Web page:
Saturday, January 31, 2015

Black and White: Contest and Wardrobe Capsule

A few months ago, Rhonda asked if I would be interested in participating in the "Motor Running Competition". I was delighted and accepted her offer. Each contestant was given about a 2/3 yard piece of fabric to incorporate into a design of their choosing.

The fabric is a shirt weight barkcloth that feels like a poly/rayon blend. I didn't know the name of the fabric until Rhonda told me, but have used it in years past. I like the texture and feel of it, but hate the wrinkles. I thought it would be great to incorporate in a kimono style jacket or accent for a skirt or dress. I couldn't decide. So I turned to Pinterest to find inspiration.

I chose a black polyester crepe to complement the barkcloth.  Even though they have slightly different texture, they work well together.

A swirl design in this evening gown caught my eye. I like the waist slimming affect of it, and thought it would be flattering on my somewhat boyish lower half. The illusion of a smaller waist and curvier hips was perfect for me.

Looking through my pattern collection, Butterick 5147 was the perfect starting point for drafting the front of the dress. I used this pattern twice before; here and here.  No need to go through the long process of making my standard alternations. My concentration was more on the design and the placement of the floral print.

My first step in the drafting process was to make a copy the full front of the dress, one pattern piece. After copying the front for the left and right sides onto tracing paper, I free handed drew the design lines dividing the pattern in three separate sections for the front of the dress. I tested placing the pattern over the fabric to determine how to use the floral design in the dress.

Oops, forgive the wrinkles.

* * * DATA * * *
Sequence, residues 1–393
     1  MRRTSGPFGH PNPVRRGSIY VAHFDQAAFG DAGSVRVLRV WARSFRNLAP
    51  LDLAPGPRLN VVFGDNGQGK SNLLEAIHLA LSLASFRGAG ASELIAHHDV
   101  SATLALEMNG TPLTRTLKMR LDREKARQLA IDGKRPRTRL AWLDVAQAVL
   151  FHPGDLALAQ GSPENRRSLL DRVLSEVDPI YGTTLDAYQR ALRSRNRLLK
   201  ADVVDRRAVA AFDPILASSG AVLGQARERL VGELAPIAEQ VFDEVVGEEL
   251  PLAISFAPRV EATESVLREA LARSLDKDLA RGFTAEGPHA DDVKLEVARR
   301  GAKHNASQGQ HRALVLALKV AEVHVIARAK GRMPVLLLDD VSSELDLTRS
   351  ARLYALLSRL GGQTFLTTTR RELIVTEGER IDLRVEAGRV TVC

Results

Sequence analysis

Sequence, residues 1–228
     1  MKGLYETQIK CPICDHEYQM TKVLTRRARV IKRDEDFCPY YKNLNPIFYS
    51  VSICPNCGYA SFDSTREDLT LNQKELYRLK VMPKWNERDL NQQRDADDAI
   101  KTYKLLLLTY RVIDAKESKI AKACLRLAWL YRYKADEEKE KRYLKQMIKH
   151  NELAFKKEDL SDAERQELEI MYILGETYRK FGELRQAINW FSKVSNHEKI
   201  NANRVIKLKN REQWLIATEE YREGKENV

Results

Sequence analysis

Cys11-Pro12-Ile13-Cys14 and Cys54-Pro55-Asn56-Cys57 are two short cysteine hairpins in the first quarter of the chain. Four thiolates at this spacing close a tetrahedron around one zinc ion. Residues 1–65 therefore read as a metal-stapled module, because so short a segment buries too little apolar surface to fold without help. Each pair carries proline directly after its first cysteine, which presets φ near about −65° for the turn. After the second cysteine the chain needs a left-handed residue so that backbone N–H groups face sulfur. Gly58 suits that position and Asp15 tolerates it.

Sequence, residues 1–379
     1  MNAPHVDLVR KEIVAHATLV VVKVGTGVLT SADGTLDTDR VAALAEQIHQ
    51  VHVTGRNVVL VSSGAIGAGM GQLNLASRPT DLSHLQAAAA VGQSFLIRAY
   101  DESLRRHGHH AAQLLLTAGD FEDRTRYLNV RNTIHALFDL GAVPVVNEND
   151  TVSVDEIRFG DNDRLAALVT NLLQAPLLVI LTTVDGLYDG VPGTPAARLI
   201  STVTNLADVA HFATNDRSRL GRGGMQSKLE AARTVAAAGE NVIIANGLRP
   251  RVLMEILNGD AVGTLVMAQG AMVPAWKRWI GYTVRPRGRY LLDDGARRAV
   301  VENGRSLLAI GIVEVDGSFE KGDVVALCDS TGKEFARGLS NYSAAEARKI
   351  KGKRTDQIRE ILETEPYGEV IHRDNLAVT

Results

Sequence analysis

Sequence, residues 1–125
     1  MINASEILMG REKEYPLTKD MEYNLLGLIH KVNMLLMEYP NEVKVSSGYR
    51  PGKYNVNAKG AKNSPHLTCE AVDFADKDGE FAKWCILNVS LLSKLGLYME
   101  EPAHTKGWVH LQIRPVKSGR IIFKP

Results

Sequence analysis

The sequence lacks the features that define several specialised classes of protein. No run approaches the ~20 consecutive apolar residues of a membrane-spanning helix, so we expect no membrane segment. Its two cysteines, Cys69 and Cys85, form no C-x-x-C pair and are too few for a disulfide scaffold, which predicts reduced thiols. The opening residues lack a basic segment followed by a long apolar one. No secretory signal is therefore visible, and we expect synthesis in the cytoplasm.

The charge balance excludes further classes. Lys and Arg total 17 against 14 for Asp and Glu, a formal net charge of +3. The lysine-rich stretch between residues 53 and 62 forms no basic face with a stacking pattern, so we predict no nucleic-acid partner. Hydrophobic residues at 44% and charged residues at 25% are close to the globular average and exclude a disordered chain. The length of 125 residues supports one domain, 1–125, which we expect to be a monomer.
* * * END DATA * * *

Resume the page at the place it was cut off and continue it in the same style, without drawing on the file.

Next, I cut the apart the pattern pieces. I added the seam allowances as needed while cutting the muslin. Surprising, there were not a lot of changes needed to the muslin. One of my concerns was with the placement of the bust and the vertical waist darts. My hope was to use the design lines to absorb the darts. I achieved that for the bust darts, but the waist was a little more challenging. Some of the excess fabric of the waist was absorbed in the half circular area (in the middle) and in the side seams. That was not enough, so I found the least noticeable area in the floral print to make a shallow dart. You can see it here.

I used the same pattern pieces to create the lining. Because I only had an off-white lining on hand, I made a front and back neck faces. I didn't want the lining to show. Vogue Patterns sometime include facings and separate lining pieces. I'm going to make a point to create facings for similar lined dresses.

My construction did create a little more bulk, but it's not bad. Once I worked out the design, sewing the dress was not difficult. It went together as easily as the previous versions. This one just has a little twist to it. A fun project.

Thank you Rhonda for asking me to participate.